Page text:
If anything positive can be gained from the situation in which we find ourselves at the moment, the fact that we are told chess has become increasingly popular with housebound families must be one of them. While face to face – or mask to mask – competition still seems to be on some distant horizon, online chess is booming. The initiative shown by Magnus Carlsen and the world’s other leading grandmasters in setting up lucrative online competitions has attracted great interest and many clubs have moved online to host virtual club nights with rapidplay competitions. At Broadstairs we were quick to exploit this and it has proved extremely popular. We looked at two possible sites, LiChess and Chess.com and after a little experimentation decided the former was easier for everyone. We meet on Monday evenings, our usual club night, from 8.00 and a good time is had by all.


While 10-minute games need to be taken with a pinch of salt, there can be some excellent games played. The following example may not be one of them but as the loser I would say that. Recently, David has been trying out 1.h4 when playing White in order to show what a bad opening it is. Unfortunately, he is too good for most of us mere mortals and has yet to lose by playing it. Here is an example of one of his wins. Have a look and see what fun two players – or possibly one – can have playing rapid chess for twenty minutes. And if you haven’t yet joined us on Monday evenings, you will be very welcome.


White:  David Faldon       Black:  Robert Page 

LiChess 10-minute rapid game


Another bonus to keep our chess brains ticking over during lockdown has been the weekly puzzle fest that Trefor has been sending us. I hope people have been trying to solve them. I think we owe it to Trefor to have a go as he has gone to the trouble of sending them out. I want to know where he gets them all from – six puzzles a week – and how to add them to an email. The following one from this week’s batch is listed as ‘a fairly simple example’! Well, I’m fairly simple and I have failed with three attempts. If you find the answer, tell Trefor. Good luck!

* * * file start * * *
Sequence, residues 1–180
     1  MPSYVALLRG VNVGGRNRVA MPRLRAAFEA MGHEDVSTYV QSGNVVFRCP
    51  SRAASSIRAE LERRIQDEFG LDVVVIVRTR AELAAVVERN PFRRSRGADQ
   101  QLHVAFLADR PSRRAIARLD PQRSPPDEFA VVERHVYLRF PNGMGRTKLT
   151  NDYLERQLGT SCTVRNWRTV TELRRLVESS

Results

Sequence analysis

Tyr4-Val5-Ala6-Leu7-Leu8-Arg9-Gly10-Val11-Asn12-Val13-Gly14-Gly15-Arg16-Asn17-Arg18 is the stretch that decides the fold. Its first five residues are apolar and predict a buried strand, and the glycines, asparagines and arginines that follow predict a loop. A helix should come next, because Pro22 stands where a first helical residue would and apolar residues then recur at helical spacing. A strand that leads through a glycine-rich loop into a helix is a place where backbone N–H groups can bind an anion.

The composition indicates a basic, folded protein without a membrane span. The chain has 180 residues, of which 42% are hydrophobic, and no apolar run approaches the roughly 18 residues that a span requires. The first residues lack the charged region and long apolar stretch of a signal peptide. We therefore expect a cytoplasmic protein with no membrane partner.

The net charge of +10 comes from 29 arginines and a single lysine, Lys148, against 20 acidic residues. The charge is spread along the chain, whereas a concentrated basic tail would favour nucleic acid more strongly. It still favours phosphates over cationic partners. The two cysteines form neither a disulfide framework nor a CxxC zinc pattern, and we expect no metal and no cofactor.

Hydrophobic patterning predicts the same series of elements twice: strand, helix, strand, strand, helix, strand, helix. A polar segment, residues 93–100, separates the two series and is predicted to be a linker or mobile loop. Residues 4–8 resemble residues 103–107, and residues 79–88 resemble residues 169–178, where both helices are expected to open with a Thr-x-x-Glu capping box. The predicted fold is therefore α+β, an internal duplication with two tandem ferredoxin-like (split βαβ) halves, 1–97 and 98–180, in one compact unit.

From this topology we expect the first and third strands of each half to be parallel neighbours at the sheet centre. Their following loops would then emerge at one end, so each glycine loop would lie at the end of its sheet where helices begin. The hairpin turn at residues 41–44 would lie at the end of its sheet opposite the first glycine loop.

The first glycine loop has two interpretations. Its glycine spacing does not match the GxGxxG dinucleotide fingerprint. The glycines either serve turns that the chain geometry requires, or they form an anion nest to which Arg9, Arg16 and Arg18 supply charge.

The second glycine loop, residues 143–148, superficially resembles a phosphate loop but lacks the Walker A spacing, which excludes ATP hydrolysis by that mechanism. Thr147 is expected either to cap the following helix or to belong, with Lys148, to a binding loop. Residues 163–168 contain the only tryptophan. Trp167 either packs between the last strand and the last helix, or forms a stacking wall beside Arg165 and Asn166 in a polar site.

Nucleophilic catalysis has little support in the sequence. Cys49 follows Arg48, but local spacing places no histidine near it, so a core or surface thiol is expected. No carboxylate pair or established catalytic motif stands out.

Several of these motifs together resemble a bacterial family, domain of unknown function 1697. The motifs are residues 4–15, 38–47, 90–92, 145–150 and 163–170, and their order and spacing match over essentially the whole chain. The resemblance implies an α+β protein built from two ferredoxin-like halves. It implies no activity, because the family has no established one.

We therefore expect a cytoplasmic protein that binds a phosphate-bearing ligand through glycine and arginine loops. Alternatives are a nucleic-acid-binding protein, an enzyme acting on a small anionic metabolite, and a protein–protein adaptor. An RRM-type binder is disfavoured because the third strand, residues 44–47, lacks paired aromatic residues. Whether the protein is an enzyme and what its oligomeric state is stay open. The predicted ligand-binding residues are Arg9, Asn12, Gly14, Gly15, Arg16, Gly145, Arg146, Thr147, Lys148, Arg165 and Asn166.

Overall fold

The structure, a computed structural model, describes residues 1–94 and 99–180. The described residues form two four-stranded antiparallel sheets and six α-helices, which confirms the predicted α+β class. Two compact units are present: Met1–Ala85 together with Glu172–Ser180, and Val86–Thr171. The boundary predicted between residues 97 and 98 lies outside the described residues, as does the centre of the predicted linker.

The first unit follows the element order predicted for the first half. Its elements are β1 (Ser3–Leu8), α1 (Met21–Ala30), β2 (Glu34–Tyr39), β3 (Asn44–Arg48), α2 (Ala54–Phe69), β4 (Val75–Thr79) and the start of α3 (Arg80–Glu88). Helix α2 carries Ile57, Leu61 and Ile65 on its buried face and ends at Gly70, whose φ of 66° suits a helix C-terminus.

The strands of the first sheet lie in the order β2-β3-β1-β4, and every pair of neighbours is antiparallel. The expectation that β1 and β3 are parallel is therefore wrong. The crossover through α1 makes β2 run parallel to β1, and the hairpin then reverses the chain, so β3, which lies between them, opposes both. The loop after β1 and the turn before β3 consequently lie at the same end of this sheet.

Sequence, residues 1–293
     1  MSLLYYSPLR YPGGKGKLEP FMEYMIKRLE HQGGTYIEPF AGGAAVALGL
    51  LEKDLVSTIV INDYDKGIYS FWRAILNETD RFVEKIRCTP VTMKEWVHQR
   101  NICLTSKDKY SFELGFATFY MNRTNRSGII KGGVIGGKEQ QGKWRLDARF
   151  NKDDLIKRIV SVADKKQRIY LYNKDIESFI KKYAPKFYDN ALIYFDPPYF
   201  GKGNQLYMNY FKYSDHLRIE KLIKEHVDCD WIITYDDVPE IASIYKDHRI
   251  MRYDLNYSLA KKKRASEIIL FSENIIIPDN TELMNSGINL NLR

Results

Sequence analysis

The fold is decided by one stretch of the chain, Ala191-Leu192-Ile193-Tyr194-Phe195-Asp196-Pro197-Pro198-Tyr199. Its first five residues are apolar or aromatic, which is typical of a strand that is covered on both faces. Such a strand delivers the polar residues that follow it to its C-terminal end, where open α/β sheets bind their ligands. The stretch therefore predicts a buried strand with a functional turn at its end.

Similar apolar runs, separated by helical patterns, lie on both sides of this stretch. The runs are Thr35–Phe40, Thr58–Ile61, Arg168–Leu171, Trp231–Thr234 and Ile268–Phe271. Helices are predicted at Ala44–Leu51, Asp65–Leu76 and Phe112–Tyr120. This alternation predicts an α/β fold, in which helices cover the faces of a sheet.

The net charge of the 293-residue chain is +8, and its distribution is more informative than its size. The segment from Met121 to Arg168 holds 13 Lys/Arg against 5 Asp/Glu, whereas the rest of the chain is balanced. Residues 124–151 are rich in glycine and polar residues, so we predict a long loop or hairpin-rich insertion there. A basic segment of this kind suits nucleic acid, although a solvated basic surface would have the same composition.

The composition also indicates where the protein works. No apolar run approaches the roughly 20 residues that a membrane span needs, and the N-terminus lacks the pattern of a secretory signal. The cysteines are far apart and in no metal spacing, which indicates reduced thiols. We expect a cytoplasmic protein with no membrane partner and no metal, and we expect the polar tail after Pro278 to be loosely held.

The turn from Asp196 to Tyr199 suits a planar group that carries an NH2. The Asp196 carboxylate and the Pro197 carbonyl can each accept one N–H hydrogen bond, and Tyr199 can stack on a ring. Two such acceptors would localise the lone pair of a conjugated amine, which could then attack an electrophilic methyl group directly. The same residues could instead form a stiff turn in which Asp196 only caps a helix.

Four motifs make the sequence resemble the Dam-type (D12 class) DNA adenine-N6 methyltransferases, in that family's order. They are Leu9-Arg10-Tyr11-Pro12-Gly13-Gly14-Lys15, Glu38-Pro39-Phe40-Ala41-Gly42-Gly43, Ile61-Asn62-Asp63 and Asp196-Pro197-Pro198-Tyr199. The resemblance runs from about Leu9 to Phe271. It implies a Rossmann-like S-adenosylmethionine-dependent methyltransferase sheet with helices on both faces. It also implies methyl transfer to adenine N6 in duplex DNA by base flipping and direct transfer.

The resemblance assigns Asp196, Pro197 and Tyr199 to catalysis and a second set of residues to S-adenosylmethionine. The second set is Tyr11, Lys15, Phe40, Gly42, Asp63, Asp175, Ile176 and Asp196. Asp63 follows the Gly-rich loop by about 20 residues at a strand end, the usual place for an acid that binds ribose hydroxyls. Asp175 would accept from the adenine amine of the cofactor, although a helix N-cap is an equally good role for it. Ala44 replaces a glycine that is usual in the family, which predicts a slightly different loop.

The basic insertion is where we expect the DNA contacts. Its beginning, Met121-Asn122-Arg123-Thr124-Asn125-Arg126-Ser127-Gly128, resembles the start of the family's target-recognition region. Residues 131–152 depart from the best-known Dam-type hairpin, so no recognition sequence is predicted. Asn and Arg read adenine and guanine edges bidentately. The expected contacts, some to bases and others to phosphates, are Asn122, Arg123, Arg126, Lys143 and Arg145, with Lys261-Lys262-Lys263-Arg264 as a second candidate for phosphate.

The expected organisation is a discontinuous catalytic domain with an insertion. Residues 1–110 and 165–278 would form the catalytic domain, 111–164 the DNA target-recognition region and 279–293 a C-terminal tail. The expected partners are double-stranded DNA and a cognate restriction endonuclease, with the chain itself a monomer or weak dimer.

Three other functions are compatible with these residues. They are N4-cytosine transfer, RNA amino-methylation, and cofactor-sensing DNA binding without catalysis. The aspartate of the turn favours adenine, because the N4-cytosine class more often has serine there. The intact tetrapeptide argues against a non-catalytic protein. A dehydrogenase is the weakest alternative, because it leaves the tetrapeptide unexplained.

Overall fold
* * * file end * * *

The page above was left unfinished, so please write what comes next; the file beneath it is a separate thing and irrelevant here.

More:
White to move and mate in 2

World sport may have ground to a halt in the last week but thankfully there is still the FIDE Candidates tournament currently taking place in Russia to entertain…..oh, hang on…..it’s just been stopped! Today Russia announced that as from tomorrow all flights out of the country will be stopped so today was the last chance for the candidates to get home. There has been opposition among some of the players almost from the start and certainly Ding Liren and Fabiano Caruana have not been at their best. On the opening day Alexander Grischuk only gave the tournament a 50% chance of being completed and yesterday there was doubt that the players would be able to get a flight home. When asked about this, one grandmaster replied: “They won’t get home – they’ll stay with the winner and prepare him for the (world title) match!” All of this is of no consolation to the Azerbaijani GM, Teimour Radjabov who, having qualified for the tournament but not wishing to take part in the circumstances, pleaded with the organisers to postpone the event. When his request was turned down, he pulled out to be replaced by the French number one, Maxime Vachier-Lagrave, who was unlucky not to qualify in his own right. Keen football fans remembering when Denmark replaced Yugoslavia in the 1992 European Championships and went on to win, wondered whether history might repeat itself. After four successive draws, MVL was drawn against the current leader, Ian Nepomniachtchai.


White:  Maxime Vachier-Lagrave (2767)    Black:  Ian Nepomniachtchai (2774)

FIDE Candidates Round 7

As a result of this win, MVL joins Nepo on 4½/7 at the half-way point in the tournament. It may be a game of two halves but when the second half begins is anyone’s guess.

Monday night chess club has taken on a new appearance with the restrictions placed by the Coronavirus outbreak. With plenty of club members already playing online, it did not take long for the idea of a Monday evening online tournament to take off. Credit for this must go initially to Richard who proposed the idea and then to Arnaud who took up the baton and set up the first mini-tournament on lichess.com last night. For those who were new to lichess, it took a bit of getting used to but the important thing is that we were all able to play some chess with those we would normally be playing at the club on Mondays. Already eleven players have signed up which is over half of the club and it would be encouraging if we could add some more so if you have not already done so, sign up now!